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Abstract Detail

Developmental and Structural Section

Lersten, Nels R. [1], Horner, Harry T. [2].

An overview of leaf crystal forms and macropattern diversity in Oleaceae.

The eudicot family Oleaceae (Lamiales), with 25 genera and 600 species of trees, shrubs and woody vines distributed in five tribes, occurs on all continents except Antarctica. Crystal macropatterns (types of crystals and their specific cell and tissue distribution in a leaf) are uncharted for Oleaceae, but scanty references, mostly to olive leaf (Olea europea),indicate unusual crystal forms occur. We are sampling 250 species from 23 genera, using bleached and cleared leaf samples from herbarium specimens, in order to provide a substantial survey of crystal macropatterns. When complete, it will provide results of interest both for systematics of family and for basic crystal biology. Our present incomplete results show remarkable diversity of both crystal types and macropatterns, some are described as follows. Tiny raphides (“slivers”), one to a few per cell, are unusual in angiosperms but are widespread in some Oleaceae tribes; in others, e.g. Jasmineae, exceedingly tiny sphaerites and druses (perhaps smallest known) are common, one per cell, which in some species occupy virtually every extra-vascular cell. In contrast, Fraxinus species commonly have large styloids (some of which are more-or-less flat plates) along all vascular bundles, and tiny single raphides in other cells. Tiny raphides or crystal sand arranged in a radiating circle from trichome bases are also unusual features. Tiny raphides, miniscule or sometimes larger prisms, sphaerites or druses, or mixtures of all these, are common in epidermis of many species, whereas most families have crystal-free foliar epidermi. In several Oleaceae species, crystals only occur in epidermis, while in other species crystals occur only in epidermis and along vascular bundles, with none in mesophyll. Also unusual is the absence of foliar crystals in parenchyma or sclerenchyma fibers within major vascular bundles of all species examined so far; all bundle-associated crystals occur instead only along periphery.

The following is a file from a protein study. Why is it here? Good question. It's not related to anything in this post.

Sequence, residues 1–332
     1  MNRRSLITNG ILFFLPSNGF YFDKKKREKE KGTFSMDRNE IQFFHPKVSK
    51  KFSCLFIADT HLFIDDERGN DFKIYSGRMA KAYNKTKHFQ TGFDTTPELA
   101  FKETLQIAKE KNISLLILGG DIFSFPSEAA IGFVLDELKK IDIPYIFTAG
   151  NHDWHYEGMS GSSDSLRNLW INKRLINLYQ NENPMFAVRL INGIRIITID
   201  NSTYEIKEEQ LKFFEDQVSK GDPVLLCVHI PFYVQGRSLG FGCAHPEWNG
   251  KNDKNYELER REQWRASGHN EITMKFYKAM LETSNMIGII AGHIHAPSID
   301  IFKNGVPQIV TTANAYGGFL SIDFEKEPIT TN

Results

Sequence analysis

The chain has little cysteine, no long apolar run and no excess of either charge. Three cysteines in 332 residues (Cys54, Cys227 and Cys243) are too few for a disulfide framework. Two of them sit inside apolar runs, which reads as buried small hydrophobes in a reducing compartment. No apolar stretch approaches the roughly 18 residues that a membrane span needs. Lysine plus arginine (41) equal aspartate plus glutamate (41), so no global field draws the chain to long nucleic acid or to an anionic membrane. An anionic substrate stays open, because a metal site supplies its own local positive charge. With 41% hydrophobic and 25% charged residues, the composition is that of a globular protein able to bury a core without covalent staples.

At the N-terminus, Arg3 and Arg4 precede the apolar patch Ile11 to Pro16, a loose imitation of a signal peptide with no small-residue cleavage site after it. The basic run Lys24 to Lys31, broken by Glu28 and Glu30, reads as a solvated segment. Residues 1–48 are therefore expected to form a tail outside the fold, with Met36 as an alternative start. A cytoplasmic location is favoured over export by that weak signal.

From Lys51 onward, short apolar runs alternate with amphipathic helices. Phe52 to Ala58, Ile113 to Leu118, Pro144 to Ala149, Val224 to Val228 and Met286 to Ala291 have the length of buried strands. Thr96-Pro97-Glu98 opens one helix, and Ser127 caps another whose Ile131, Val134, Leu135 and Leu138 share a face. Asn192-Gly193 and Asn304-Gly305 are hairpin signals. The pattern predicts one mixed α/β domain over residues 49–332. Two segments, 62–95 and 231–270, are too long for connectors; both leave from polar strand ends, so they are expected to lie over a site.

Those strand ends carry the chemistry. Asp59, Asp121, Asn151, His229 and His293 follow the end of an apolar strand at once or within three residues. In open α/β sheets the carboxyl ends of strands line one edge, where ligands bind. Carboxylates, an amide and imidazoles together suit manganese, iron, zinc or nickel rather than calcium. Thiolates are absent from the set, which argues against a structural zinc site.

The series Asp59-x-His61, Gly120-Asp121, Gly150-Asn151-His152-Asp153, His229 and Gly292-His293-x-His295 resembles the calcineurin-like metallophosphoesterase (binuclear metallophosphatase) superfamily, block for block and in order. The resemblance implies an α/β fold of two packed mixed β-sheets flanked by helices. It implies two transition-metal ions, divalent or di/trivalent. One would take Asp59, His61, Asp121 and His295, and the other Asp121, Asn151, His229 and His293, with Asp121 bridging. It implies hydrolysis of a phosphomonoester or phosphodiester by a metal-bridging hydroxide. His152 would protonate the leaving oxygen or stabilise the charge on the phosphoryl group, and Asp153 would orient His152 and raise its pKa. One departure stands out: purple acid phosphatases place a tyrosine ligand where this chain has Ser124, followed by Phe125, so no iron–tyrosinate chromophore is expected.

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1 - Iowa State University, Ecology, Evolution and Organismal Biology, 253 Bessey Hall, Ames, IA, 50011, USA
2 - Iowa State University, Genetics, Development and Cell Biology & Microscopy and NanoImaging Facility, Ames, IA, 50011-1020, USA

crystal macropatterns.

Presentation Type: Oral Paper:Papers for Sections
Session: 4
Location: 212/SUB
Date: Monday, July 28th, 2008
Time: 8:30 AM
Number: 4003
Abstract ID:65

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